Meanwhile, illegal migration continues. Last month, around 7,000 migrants arrived to the island of Lampedusa, Italy, in a span of only 48 hours. The island normally has a population of 6,000. Lampedusa is a well-known transport hub for would-be-terrorists. The Tunisian who shot two Swedes in Brussels arrived there on a boat in 2011. The island is “overwhelmed” and “in a crisis,” according to its mayor who spoke with Reuters. A staggering 2.3 million immigrants entered the E.U. from non-E.U. countries in 2021, an increase of almost 18 percent compared with 2020. This does not mean that a real far-right threat does not exist in Europe; it is not, however, coming from populists but from mushrooming neo-Nazi groups. The world is destabilizing at an alarming rate and there are increasingly strong signs in Europe which point towards a looming civil war or bloody social unrest; there are fewer and fewer signs that this scenario can be avoided.

The problems described above affect the European Jewish community in a particularly dangerous manner. The mere fact that a very large proportion of immigrants come from countries where anti-Semitism is deeply ingrained in society should be reason enough for strict border controls. According to ADL data for the Middle East and North Africa and Asia, 80 percent of the population is anti-Semitic in Morocco, 87 percent in Algeria and Libya, 71 percent in Turkey, 60 percent in Iran, and 92 percent in Iraq. But Palestinians in the West Bank and Gaza beat them all: Ninety-three percent of their population is anti-Semitic. In the summer of 2015, the ADL conducted a survey focusing specifically on Muslim communities in Western Europe, which found that 68 percent of Belgian Muslims, 62 percent of Spanish Muslims, 56 percent of German and Italian Muslims, 54 percent of British Muslims, and 49 percent of French Muslims held anti-Semitic views. In general, 55 percent of Muslims in Western Europe were found to be anti-Semitic. In terms of attacks, Germany saw 2,480 anti-Semitic atrocities last year; the UK, 1,652; France, 436. Attacks have sharply risen since the outbreak of the war between Israel and Hamas.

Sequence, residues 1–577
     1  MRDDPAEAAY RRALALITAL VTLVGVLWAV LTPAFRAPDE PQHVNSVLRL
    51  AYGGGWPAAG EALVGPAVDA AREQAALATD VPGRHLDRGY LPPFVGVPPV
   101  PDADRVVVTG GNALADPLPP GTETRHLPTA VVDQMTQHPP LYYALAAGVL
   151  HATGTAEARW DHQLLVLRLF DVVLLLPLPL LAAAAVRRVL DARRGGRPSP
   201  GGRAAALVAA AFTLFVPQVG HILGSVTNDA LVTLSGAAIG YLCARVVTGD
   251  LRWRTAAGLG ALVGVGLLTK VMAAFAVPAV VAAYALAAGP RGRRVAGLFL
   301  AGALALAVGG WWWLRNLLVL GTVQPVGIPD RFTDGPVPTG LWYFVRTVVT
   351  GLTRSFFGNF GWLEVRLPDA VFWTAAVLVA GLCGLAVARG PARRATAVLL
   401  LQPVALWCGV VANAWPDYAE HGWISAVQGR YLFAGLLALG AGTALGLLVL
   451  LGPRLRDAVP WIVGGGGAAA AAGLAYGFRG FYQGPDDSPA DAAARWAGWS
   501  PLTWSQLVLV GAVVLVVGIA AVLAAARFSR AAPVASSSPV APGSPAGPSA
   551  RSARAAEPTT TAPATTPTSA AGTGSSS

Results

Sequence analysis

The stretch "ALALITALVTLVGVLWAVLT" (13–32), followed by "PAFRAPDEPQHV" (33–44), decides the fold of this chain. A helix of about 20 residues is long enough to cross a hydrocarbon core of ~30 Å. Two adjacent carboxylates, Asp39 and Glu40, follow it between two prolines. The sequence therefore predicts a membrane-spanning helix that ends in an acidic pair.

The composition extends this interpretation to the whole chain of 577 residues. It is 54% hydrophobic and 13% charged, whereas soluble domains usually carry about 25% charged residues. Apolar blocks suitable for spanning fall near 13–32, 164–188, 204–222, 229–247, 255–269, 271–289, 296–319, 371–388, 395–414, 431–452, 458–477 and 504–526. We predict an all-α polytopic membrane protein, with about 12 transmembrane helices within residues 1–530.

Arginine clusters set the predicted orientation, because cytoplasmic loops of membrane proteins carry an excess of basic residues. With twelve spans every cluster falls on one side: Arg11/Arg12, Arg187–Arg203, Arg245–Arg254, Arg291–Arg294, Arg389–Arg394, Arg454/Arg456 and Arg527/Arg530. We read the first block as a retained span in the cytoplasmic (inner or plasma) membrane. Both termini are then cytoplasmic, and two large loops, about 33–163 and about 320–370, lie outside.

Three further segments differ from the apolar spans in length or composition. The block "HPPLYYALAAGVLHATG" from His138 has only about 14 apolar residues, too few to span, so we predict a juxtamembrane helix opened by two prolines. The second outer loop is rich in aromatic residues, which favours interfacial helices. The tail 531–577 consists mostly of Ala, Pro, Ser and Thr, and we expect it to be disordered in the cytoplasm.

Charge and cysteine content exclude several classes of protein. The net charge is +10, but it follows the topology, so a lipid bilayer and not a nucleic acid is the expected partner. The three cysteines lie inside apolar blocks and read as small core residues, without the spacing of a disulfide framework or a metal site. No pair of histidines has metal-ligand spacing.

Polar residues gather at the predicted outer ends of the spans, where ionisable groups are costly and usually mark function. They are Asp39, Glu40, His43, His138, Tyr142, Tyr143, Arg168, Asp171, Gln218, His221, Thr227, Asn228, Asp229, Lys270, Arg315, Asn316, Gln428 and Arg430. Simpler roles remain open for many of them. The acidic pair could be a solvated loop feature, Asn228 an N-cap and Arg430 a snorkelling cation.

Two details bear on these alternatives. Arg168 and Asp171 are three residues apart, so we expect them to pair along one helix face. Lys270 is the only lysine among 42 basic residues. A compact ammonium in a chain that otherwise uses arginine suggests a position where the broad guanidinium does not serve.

But this may not be all that surprising. A report by the Community Security Trust, a Jewish NGO in the U.K. explained that “the single biggest contributing factor to the record number of antisemitic incidents recorded in 2014 was antisemitic reactions in the U.K. to the conflict in Israel and Gaza.” How could the current protests and atrocities catch European authorities unprepared? This is not to say that some countries have not acted. French president Emmanuel Macron recently banned pro-Hamas protests. On October 13, France raised its security alert to the highest level and deployed 7,000 soldiers following the aforementioned school stabbing. Viktor Orbán also banned all pro-Hamas demonstrations in Hungary. But in the rest of Europe, hatred took the streets.

Ten thousand pro-Palestinian demonstrators sided with Palestine in the Netherlands, as Jewish schools closed around the country. Thousands protested against Israel in London. Jewish schools in the U.K. also stepped up their security or shut down altogether. Parents kept their children away. Pro-Palestine protests were held in Germany as well; some local Arabs openly support Hamas. But this is nothing compared to what German media reported: some Jewish homes had been marked with the Star of David, reminiscent of the Nazi era. One German synagogue was firebombed.

How could Europe’s liberal leaders have turned a blind eye to the dangers of Muslim immigration for decades? How could they commemorate the Holocaust every year, while allowing the mass arrival in Europe of people who see the Holocaust not as a story of a horrific genocide, but as the story of a brave man—Hitler—who tried to defeat the evil Jews, and failed? The West’s fear of being branded ‘illiberal’ has given free rein to anti-Jewish hatred on the streets of Europe.